Financial markets are signaling growing concerns about inflation as the economy recovers from the Great Virus Crisis. Many experts fear that further increases in the cost of living will result as consumer demand exceeds supply.
On the other hand, the Federal Reserve believes that inflationary pressures caused by a short-term imbalance between demand and supply are transient. But history teaches that inflation fears must be addressed early to avoid serious economic hardship.
As the economy reopens, the danger is that the United States experiences a classic case of too much money for too little commodity. Money printing has become widespread and the money that was left in people’s bank accounts can finally be spent.
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Supply has been limited by holidays, mask wear, social distancing and other policies aimed at containing the pandemic. The Fed’s position is that recent increases in the prices of food, building materials, used cars and gasoline, along with scattered labor shortages and soaring house prices, will fade quickly after the pandemic.
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But the Fed flooding the economy with massive amounts of liquidity could pave the way for a possible price spike, fueling inflation. These fears are rooted in the 1970s, when the United States experienced a period of double-digit inflation that left painful memories for Americans who experienced the so-called Great Inflation.
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During this period, inflation fell from a negligible rate of 1.6% in 1965 to 13.5% in 1980. Stable prices give people a sense of security. They are like safe streets and clean drinking water. During the Great Inflation, people couldn’t predict whether their wages would keep pace with the sharp price increases that had become the norm.
Inflation has been blamed on factors such as President Nixon who suspended convertibility of the dollar into gold, which caused the dollar’s value to fall and import prices to rise; two oil shocks; the massive cost of the Vietnam War; monetary policy errors; and the breakup of the Beatles.
People started to expect continuous price increases, so they bought more products. The increase in demand pushed up prices, leading to demands for higher wages, which triggered even higher prices, causing a continuous upward spiral.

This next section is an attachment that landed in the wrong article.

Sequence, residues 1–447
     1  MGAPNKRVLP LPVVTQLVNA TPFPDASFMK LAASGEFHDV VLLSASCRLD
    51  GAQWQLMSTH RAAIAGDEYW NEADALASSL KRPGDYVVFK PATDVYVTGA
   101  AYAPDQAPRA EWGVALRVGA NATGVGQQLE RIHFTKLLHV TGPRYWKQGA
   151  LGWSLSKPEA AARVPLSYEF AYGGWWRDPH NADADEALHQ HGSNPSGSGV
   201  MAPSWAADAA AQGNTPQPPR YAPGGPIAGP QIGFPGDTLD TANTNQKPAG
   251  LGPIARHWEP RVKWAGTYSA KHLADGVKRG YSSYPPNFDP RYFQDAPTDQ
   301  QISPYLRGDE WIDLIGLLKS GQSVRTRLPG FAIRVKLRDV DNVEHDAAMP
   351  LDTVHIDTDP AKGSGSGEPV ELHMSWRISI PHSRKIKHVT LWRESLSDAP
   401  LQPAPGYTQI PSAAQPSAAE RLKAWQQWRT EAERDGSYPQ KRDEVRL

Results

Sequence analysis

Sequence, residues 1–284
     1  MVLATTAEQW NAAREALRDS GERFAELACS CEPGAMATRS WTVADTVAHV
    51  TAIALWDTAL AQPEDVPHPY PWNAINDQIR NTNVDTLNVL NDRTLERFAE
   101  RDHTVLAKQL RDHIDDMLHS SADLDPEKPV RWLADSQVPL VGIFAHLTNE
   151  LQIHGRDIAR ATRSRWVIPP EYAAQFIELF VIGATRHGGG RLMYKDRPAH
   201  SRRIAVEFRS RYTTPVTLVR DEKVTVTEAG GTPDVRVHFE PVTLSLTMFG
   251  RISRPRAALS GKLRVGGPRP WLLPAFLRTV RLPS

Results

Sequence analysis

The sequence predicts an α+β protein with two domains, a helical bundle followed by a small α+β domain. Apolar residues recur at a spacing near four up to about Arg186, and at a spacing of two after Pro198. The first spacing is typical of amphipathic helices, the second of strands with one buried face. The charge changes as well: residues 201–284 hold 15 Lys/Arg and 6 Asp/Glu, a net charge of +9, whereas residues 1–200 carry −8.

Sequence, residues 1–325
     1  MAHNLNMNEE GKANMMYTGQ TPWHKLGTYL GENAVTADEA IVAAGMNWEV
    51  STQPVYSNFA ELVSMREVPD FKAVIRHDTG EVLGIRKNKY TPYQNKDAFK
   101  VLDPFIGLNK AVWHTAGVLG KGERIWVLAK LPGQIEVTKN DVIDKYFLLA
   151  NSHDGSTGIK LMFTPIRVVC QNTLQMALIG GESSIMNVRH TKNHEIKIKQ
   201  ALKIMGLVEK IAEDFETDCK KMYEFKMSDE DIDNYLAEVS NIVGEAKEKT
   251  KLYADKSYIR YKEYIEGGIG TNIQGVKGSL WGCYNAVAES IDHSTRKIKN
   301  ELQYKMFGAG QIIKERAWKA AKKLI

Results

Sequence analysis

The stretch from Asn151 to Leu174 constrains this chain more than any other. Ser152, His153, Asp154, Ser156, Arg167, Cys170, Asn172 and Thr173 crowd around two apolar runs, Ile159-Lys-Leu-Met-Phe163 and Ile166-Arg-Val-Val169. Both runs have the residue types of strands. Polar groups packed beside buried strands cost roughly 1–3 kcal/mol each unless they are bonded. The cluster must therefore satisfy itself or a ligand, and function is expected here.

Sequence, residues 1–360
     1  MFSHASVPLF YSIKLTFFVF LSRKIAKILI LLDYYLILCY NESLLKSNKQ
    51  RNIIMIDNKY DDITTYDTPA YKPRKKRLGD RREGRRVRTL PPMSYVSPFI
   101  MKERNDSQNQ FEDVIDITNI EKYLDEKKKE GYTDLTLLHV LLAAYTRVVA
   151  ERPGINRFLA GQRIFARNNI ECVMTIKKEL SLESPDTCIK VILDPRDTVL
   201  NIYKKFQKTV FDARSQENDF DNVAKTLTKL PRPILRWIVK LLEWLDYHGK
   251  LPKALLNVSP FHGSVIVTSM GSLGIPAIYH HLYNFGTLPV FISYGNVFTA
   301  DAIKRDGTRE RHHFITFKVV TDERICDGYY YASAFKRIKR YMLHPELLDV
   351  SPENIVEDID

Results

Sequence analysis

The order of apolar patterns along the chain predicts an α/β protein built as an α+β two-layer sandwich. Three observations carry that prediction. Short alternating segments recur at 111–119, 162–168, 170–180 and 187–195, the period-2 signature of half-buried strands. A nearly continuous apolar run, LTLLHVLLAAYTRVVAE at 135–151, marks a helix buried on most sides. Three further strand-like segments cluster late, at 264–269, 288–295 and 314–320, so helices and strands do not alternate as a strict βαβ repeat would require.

For example, employment contracts increasingly included automatic cost of living clauses that contributed to the inflationary spiral of wages and prices, and the government began to peg certain payments, such as social security, to the consumer price index, the best-known indicator of inflation. While these practices may have helped workers and retirees cope with inflation, they also perpetuated it.
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The government’s ever-increasing revenue requirements have increased the federal budget deficit and led to increased government borrowing, which has pushed up interest rates and costs to businesses and consumers. With energy costs and high interest rates, business investment languished and unemployment exceeded 10%. The simultaneous inflation and recession that followed destroyed many businesses and injured countless Americans.
The Fed took drastic action in the late 1970s and early 1980s, tightening monetary policy under legendary President Paul Volcker to promote price stability and combat the persistent surge in inflation. As a result, the federal funds rate fell from 10% in early 1979 to 19% in mid-1981. The unemployment rate peaked at 10.8% at the end of 1982.
During this severe recession, thousands of businesses failed because they did not have access to capital, and credit-dependent sectors of the economy, such as the sale of homes and cars, suffered greatly. Volcker’s restrictive monetary policy was a tough pill to swallow, but it ultimately had the desired effect. In the mid-1980s, inflation fell below 5%.
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The story of the Great Inflation holds many important lessons for the future. The first is that rising prices should be nipped in the bud, as there is no quick and painless solution to soaring inflation. The longer you wait to deal with it, the more difficult it becomes.
As economist and philosopher Friedrich Hayek once said, “Taming inflation is like catching a tiger by the tail.”
Joseph M. Giglio is Professor of Strategic Management at Northeastern University D’Amore-McKim School of Business.